DADE CITY — Pasco County has struck a deal to get the Trinity Town Center owner to clean up the unfinished project.
The agreement approved by Pasco commissioners Tuesday requires Bill Planes' Trinity Town Center to make improvements by certain dates. The improvements include removing debris piles and construction equipment by Dec. 20 and painting unfinished buildings and removing visible tar paper by Feb. 15. By June 1, the bare dirt areas must be covered with plants or grass.
In exchange, officials agreed to drop an administrative complaint against Trinity Town Center for expired building permits and to cut the company a break on the due date for the $35,000 in fees Planes owes the county to extend the permits.
Typically, the money is due up front. But as part of the deal, Pasco agreed to give Planes until December 2012 to come up with the money.
"I just think we're in tight economic times. We're trying our best to bring jobs to Pasco," said Commissioner Pat Mulieri. "I'd just hate to lose this opportunity."
Since the summer of 2008, the project has been mired in financial and legal problems, which became public when subcontractors began complaining about bounced checks and a lack of full payment for their work.
After construction stopped, Trinity residents began complaining about safety issues and the appearance of the half-finished site at Little Road and Trinity Boulevard.
Planes is the key principal in both the company that owns the property and the general contractor on the Trinity project, South Capital Construction.
The deal approved Tuesday is a result of a recent push by Pasco officials to get Planes to improve the half-finished buildings or risk demolition. Planes of Tarpon Springs has been cited by county building officials for 116 permits that expired in 2009.
Planes, who attended Tuesday's meeting but did not speak, has blamed the stalled project on his New Jersey-based lender, Kennedy Funding, saying the group failed to deliver on a $47 million loan.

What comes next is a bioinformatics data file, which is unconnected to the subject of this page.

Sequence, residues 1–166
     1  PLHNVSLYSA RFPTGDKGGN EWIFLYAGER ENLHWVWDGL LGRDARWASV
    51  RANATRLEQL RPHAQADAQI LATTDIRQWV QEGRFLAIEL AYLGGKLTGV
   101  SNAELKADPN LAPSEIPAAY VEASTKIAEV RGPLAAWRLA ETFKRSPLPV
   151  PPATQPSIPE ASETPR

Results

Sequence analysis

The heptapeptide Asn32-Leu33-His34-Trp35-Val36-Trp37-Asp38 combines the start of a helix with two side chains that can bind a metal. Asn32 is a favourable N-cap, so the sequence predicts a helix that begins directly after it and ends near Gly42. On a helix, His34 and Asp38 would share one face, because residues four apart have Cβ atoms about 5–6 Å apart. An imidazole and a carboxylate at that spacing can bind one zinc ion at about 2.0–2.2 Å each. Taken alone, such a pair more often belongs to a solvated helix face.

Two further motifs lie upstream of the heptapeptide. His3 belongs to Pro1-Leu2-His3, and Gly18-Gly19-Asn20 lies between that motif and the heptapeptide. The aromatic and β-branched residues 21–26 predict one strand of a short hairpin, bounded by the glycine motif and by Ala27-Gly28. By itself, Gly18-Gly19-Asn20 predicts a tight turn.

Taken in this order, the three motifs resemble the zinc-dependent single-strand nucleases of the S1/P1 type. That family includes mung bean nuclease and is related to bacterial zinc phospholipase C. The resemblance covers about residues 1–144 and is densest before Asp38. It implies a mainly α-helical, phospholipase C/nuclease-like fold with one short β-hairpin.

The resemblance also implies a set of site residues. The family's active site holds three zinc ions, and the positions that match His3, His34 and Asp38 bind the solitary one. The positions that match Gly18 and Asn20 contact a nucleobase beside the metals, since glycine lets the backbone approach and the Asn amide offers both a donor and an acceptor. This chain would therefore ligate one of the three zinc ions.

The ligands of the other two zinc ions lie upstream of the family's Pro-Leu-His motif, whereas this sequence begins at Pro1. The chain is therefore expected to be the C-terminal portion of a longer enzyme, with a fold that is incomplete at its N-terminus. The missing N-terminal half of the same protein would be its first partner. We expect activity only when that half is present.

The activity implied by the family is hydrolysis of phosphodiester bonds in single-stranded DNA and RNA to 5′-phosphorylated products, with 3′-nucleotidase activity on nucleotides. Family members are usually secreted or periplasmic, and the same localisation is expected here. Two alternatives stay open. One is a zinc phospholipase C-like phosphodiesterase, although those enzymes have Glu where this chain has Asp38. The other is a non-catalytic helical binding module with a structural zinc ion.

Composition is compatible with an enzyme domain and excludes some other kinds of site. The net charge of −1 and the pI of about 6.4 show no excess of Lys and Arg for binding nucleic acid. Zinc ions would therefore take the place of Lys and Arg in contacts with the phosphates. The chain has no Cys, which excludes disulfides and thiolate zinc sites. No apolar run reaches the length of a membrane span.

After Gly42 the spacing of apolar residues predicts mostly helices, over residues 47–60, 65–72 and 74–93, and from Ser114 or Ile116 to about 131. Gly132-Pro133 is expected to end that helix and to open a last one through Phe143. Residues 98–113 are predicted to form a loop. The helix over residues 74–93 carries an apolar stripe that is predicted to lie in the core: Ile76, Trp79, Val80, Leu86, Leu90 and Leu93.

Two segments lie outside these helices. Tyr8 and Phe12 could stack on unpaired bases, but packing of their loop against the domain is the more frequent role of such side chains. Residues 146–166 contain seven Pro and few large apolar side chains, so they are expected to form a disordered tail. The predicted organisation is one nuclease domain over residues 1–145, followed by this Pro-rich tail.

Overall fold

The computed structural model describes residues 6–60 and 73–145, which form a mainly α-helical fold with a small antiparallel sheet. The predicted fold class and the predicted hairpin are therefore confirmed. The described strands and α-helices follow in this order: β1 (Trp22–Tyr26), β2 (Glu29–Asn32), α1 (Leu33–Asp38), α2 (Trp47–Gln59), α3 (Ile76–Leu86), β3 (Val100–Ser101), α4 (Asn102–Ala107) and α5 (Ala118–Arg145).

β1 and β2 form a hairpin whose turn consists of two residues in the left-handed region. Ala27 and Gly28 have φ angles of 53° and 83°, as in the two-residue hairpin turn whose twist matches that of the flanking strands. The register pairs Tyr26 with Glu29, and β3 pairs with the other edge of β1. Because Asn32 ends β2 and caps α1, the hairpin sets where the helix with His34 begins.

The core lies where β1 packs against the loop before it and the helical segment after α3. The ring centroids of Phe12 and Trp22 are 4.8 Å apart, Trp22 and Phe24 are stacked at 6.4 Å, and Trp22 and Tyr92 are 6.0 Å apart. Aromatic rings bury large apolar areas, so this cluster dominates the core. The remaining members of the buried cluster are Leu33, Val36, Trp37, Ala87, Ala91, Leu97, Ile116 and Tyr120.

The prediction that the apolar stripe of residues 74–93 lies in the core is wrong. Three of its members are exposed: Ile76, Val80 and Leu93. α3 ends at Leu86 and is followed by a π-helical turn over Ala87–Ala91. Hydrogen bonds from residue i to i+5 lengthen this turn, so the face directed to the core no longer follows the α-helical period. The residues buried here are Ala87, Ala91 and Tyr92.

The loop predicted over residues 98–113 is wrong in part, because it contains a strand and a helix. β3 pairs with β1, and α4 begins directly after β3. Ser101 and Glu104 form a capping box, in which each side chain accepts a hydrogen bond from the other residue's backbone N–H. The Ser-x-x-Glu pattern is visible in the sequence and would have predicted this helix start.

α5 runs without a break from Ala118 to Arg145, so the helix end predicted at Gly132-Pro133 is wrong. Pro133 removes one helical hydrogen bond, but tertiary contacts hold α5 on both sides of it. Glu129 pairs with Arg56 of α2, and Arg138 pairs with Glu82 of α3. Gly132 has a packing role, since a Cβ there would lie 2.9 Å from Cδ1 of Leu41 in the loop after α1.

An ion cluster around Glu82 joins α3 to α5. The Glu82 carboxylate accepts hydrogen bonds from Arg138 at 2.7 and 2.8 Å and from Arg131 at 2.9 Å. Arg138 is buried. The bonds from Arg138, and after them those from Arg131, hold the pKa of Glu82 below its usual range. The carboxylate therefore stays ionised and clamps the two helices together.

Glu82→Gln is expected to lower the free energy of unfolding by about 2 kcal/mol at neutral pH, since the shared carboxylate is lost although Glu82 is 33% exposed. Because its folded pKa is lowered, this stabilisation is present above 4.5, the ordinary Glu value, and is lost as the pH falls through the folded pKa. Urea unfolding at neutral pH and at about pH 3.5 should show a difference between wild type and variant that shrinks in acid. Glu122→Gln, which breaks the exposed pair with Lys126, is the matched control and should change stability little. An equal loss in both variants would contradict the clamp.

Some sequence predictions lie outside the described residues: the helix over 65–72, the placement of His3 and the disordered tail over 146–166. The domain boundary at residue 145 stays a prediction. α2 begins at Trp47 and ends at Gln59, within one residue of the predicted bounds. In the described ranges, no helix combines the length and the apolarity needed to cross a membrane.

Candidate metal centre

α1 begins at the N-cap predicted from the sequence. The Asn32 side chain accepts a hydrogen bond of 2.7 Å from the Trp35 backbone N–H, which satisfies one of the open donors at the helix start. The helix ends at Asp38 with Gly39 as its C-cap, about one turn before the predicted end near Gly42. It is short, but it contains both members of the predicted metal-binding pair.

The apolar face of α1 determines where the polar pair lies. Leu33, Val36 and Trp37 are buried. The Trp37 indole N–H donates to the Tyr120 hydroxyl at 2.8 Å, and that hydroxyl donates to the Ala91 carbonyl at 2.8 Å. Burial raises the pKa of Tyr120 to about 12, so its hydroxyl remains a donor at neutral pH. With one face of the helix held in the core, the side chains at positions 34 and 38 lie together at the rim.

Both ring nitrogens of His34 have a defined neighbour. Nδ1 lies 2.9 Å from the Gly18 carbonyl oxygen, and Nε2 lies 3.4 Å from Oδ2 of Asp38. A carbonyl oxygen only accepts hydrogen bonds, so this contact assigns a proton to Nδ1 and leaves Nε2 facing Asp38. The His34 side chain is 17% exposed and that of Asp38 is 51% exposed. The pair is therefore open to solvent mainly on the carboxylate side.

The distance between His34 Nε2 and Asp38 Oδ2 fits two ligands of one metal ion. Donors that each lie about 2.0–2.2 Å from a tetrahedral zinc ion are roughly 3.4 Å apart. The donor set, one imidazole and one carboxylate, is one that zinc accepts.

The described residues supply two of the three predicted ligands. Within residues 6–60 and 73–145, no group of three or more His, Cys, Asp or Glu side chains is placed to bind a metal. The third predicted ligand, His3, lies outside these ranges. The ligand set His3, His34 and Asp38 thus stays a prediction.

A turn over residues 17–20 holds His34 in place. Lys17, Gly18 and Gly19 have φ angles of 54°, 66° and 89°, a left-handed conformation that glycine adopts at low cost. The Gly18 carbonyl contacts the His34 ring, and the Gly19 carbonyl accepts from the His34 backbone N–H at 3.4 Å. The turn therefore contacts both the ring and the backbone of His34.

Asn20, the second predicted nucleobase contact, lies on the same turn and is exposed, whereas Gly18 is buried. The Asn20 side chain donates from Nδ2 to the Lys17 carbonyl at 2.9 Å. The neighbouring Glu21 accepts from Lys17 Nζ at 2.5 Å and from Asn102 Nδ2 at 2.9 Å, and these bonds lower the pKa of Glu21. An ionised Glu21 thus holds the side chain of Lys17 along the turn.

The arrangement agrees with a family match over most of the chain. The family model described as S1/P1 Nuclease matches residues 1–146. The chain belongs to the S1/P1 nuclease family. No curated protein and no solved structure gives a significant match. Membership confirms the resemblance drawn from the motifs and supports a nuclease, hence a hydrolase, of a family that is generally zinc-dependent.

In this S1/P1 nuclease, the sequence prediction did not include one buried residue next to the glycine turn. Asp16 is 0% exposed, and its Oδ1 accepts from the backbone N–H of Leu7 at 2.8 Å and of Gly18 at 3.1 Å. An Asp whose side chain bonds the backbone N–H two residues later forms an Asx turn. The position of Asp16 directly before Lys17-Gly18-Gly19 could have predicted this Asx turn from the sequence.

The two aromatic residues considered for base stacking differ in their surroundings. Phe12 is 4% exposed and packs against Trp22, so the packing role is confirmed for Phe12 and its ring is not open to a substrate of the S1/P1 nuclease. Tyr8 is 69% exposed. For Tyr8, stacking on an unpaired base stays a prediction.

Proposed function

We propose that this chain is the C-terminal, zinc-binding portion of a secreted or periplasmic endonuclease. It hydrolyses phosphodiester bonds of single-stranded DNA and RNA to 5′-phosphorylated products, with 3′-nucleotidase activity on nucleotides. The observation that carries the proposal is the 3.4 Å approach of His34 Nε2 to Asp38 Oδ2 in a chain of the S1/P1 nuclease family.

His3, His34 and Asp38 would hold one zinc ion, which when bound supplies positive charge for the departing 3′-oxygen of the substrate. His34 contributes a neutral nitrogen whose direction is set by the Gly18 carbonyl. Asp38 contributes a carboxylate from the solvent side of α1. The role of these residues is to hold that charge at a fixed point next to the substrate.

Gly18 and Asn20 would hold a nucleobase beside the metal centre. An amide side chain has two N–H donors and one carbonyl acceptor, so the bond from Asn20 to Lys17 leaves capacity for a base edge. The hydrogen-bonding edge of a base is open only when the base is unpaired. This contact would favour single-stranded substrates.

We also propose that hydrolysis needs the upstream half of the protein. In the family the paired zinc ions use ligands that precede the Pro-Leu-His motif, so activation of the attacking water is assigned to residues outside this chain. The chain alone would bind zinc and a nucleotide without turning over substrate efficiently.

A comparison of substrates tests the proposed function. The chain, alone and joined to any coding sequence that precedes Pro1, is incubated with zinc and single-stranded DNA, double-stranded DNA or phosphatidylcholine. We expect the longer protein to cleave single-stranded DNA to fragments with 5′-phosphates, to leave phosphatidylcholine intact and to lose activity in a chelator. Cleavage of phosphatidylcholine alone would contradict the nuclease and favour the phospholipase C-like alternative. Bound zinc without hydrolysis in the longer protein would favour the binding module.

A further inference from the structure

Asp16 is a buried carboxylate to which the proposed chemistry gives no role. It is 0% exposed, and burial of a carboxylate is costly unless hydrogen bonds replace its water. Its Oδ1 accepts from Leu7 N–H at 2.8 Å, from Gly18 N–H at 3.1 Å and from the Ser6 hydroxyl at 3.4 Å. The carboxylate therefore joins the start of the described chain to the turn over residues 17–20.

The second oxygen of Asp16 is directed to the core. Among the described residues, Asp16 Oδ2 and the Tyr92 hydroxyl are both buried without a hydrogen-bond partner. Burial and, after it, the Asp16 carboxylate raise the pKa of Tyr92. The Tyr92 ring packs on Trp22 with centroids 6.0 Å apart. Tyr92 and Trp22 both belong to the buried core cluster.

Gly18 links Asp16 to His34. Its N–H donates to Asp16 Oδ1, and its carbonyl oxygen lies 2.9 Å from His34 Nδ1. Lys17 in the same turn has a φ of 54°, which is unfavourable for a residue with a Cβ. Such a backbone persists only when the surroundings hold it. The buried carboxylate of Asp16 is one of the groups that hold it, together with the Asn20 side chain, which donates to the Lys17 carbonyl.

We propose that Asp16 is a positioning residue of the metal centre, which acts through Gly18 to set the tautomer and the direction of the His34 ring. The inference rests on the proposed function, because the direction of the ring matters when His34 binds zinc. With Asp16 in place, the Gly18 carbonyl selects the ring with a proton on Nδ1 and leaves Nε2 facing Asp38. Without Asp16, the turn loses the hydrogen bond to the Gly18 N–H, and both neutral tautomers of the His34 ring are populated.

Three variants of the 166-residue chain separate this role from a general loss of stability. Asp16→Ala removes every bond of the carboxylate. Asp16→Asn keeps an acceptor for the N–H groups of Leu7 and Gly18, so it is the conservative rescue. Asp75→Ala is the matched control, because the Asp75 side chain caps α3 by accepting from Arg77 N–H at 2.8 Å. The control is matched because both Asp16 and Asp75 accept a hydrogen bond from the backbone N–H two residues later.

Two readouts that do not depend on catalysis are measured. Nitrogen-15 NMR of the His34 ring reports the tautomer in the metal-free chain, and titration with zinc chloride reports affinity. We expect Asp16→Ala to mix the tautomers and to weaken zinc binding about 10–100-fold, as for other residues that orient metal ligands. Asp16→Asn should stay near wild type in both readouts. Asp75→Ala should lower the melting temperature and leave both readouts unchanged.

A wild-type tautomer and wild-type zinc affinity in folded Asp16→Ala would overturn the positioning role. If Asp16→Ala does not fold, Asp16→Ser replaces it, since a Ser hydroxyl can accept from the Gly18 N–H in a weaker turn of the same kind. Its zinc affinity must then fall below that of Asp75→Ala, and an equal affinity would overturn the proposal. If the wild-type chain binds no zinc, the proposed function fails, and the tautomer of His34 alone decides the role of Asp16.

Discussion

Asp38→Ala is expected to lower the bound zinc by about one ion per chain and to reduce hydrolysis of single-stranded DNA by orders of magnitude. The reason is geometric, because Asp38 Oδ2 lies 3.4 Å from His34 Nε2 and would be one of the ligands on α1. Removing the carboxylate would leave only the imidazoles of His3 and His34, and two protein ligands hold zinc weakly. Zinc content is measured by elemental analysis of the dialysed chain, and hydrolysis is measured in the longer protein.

But Kennedy has denied that charge, saying that Planes got the required draws on the loan when he met the necessary contractual obligations.
The dispute between Planes and Kennedy, as well as the claims by dozens of subcontractors, are now lumped into a slow-moving court case that one lawyer quipped was "the legal labyrinth of doom."
The $35,000 in permit extension fees isn't the only money that Planes' company owes Pasco County taxpayers. His Trinity Town Center owes nearly $212,000 in delinquent property taxes from 2008 and 2009, according to online records from tax collector Mike Olson. The company also owes $74,000 for 2010.
Assistant County Attorney Kristi Wooden said the county has options if Trinity Town Center does not pay the $35,000, including withholding certificates of occupancy when the project is completed.
As the Times has reported, Planes and his companies have faced lawsuits on other projects as well, including the construction of the private school he owns, St. Nicholas Orthodox Christian School in Tarpon Springs.
Also, Planes and his wife have been sued in federal court by former employees of a veterinary clinic he owned on Keystone Road. Those former employees say they routinely received paychecks that bounced, were not paid minimum wage in some cases and were not paid overtime.
But commissioners on Tuesday said they are looking forward to a finished project in Trinity.
"We appreciate Mr. Planes moving forward to create something special," said Commissioner Jack Mariano.
Jodie Tillman can be reached at email@example.com or (727) 869-6247.